Denise Low, winner of the Red Mountain Editor's Prize, 2018
Life Inside the Body sings like the ship's guy-wires in its opening poem, "Harbor," of the body of life and life in the world. These poems are so inevitable that it seems they must have always existed, helping us better engage with the beating heart of whatever life brings. Altogether, Life Inside the Body embodies both the daily and the mythological dimensions of life, tilting our view of the stories we live so that we can better align those stories and experiences with our truths.
Caryn Mirriam-Goldberg, Kansas Poet Laureate Emerita and author of Miriam's Well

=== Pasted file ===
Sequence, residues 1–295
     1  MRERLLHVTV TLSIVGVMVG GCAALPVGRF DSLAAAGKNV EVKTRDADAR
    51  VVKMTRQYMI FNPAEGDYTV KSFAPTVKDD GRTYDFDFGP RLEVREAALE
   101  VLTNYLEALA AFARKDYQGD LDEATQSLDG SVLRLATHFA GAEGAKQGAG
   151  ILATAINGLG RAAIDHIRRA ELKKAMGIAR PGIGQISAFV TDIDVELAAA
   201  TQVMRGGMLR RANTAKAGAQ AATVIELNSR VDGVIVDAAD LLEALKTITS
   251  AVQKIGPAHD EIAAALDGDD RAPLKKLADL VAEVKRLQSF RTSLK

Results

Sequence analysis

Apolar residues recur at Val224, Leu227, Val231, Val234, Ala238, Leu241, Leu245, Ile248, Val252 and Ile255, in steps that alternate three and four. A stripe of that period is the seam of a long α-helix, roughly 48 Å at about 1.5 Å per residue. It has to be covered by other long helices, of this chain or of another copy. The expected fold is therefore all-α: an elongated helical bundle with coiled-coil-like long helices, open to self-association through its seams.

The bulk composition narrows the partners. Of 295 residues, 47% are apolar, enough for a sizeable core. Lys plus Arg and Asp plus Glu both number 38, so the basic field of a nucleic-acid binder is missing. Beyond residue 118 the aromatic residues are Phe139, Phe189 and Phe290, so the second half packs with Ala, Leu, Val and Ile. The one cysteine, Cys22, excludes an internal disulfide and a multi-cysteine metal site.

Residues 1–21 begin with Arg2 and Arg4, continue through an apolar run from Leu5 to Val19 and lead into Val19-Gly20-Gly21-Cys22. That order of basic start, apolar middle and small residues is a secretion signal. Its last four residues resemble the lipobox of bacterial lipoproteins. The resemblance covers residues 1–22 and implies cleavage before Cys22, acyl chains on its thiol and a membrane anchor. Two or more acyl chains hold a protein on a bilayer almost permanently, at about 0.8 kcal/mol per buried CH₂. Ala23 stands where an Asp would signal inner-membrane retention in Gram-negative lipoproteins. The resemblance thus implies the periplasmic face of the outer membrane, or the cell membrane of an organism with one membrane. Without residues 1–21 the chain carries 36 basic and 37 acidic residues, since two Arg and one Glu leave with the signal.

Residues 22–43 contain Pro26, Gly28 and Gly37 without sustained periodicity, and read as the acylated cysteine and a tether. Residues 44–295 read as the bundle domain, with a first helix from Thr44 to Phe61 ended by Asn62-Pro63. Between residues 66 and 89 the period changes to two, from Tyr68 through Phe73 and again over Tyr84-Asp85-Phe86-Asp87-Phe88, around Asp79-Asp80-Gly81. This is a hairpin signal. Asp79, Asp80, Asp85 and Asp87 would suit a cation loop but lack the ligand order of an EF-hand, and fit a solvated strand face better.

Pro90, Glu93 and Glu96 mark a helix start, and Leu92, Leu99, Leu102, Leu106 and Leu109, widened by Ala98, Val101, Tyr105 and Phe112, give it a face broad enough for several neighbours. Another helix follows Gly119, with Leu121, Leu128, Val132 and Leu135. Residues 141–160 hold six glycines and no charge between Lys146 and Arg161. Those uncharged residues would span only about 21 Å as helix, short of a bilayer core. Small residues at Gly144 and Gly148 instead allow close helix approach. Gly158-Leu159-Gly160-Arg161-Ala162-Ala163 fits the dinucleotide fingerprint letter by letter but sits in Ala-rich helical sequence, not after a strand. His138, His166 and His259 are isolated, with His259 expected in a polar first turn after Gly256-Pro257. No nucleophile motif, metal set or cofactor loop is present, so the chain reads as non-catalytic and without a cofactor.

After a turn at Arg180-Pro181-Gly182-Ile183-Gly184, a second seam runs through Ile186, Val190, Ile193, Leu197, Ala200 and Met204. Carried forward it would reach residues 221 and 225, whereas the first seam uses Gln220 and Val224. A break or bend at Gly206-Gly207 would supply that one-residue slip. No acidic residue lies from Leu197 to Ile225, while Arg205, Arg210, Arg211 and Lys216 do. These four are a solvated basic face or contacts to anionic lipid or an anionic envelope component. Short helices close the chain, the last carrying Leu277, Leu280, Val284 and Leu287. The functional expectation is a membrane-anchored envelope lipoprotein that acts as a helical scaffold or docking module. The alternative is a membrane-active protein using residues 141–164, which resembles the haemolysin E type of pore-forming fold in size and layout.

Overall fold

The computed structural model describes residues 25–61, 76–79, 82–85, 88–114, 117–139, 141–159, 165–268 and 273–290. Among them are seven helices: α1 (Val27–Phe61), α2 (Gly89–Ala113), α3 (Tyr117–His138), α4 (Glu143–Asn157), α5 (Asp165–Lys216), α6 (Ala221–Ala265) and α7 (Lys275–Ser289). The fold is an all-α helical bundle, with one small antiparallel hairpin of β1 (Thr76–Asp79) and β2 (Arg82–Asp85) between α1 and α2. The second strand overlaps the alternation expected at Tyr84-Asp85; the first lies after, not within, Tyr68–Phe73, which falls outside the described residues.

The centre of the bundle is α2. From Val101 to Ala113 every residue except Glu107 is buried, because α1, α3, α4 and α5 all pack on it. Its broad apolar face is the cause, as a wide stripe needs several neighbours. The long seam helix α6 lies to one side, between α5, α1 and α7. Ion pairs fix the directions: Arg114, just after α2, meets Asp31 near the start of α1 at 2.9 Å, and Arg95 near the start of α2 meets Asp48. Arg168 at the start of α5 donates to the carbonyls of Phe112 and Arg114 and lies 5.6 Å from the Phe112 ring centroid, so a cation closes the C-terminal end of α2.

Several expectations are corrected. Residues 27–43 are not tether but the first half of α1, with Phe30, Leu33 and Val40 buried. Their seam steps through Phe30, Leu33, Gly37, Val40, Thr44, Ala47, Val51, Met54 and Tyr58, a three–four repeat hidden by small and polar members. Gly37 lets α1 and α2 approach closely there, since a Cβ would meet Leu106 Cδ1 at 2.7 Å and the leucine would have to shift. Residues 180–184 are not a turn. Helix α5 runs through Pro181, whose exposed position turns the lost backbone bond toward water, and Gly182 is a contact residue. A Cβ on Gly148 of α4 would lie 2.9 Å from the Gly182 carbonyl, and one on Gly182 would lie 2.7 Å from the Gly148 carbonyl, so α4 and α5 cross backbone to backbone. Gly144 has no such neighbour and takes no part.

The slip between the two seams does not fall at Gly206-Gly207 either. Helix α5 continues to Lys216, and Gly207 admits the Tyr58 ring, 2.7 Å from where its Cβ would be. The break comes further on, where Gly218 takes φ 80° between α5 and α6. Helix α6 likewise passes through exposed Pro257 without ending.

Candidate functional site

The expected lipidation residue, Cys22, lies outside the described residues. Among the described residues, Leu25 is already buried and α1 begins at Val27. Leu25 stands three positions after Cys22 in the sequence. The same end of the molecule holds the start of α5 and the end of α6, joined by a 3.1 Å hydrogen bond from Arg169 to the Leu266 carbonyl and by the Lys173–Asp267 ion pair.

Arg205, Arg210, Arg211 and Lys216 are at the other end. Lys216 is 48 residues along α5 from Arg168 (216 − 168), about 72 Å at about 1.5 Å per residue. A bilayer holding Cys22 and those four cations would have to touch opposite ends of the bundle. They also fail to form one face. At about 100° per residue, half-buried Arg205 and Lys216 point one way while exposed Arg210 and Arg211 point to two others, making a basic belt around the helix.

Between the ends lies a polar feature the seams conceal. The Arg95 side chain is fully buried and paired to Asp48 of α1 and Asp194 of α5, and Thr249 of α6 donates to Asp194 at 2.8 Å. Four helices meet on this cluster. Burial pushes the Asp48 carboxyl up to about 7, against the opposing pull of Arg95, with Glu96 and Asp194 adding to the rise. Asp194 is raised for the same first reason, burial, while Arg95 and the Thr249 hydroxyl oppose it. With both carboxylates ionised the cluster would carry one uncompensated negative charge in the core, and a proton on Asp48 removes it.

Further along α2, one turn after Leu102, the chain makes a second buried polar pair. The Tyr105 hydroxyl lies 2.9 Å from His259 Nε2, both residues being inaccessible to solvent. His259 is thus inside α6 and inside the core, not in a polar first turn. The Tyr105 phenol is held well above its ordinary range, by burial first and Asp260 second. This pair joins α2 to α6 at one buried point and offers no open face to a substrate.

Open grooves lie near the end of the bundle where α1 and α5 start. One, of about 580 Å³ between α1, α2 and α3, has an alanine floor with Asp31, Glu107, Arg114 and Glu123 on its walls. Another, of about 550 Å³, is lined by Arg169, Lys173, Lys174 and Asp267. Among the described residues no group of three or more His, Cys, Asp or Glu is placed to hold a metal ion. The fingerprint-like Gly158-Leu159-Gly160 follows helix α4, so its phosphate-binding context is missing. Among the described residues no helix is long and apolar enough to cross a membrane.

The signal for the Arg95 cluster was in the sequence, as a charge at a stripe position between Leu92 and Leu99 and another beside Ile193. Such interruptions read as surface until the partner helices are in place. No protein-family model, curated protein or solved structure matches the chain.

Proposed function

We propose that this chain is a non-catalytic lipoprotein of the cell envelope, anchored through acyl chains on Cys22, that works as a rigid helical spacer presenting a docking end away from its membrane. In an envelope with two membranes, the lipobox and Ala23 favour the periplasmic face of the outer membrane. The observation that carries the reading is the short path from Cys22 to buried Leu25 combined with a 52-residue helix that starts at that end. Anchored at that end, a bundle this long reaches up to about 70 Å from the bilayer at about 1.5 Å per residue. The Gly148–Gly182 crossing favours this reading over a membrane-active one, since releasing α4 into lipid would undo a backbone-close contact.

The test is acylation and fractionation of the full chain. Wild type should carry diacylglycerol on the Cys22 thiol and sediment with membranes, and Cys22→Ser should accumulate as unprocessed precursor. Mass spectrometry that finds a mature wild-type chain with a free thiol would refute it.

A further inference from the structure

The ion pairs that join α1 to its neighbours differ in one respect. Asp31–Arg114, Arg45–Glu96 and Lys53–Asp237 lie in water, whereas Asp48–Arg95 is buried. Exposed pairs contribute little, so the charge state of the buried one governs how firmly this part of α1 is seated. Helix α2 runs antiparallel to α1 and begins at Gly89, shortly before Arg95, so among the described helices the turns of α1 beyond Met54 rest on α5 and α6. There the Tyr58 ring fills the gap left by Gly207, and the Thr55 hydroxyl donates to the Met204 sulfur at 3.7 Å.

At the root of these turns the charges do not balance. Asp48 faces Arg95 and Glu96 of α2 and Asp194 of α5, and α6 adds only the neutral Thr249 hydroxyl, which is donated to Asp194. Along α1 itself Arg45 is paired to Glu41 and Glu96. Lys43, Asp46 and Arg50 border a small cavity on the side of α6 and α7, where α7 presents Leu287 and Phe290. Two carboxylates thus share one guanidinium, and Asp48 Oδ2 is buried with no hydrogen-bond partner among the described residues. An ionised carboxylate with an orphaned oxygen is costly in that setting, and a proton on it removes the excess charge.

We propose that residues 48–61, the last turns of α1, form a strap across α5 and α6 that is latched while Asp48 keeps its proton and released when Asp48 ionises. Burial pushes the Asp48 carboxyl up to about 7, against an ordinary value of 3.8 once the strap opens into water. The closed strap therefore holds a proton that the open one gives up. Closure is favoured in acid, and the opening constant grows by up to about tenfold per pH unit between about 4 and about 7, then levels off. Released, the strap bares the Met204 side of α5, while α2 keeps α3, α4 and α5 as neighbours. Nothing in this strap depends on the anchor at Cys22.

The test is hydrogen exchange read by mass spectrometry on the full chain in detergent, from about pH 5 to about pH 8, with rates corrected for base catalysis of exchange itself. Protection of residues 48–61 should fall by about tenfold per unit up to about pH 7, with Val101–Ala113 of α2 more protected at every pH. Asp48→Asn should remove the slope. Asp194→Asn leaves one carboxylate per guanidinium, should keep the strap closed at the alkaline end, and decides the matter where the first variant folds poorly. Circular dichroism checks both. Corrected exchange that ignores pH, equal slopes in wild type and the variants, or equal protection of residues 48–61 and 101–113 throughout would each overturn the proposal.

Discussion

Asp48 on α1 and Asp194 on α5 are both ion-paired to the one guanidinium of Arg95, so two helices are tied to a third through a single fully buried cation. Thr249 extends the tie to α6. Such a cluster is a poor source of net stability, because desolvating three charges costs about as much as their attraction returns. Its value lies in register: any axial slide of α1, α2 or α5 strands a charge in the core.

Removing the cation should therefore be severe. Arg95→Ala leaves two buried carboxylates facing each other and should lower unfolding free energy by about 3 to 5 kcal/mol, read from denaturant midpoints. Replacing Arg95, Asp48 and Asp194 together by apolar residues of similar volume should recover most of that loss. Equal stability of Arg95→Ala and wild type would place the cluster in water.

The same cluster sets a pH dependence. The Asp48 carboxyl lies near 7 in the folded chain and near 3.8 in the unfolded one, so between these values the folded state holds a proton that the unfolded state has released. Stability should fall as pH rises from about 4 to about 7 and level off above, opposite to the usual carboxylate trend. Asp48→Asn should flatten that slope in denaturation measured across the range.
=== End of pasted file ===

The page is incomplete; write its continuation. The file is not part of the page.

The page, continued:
Susan Whitmore's poems remind us that great poetry rings spiritually and, at times, elegiacally, like her porch chimes through an open window. Loss, as it happens, leads this poet to enormous generosity and an expansive life, where a lion can become the image of love, tearing us open. "Cover your transgressor with kisses," she writes. The exuberance of these poems grows out of immediacy yoked to myth, classical and biblical. The poet's lived experience is as joyful as pasta carbonara in bed after the lights go out. The poems resound with determination in a world where nothing can be considered ordinary.
Robert Stewart, author of Working Class, poems; and editor of New Letters magazine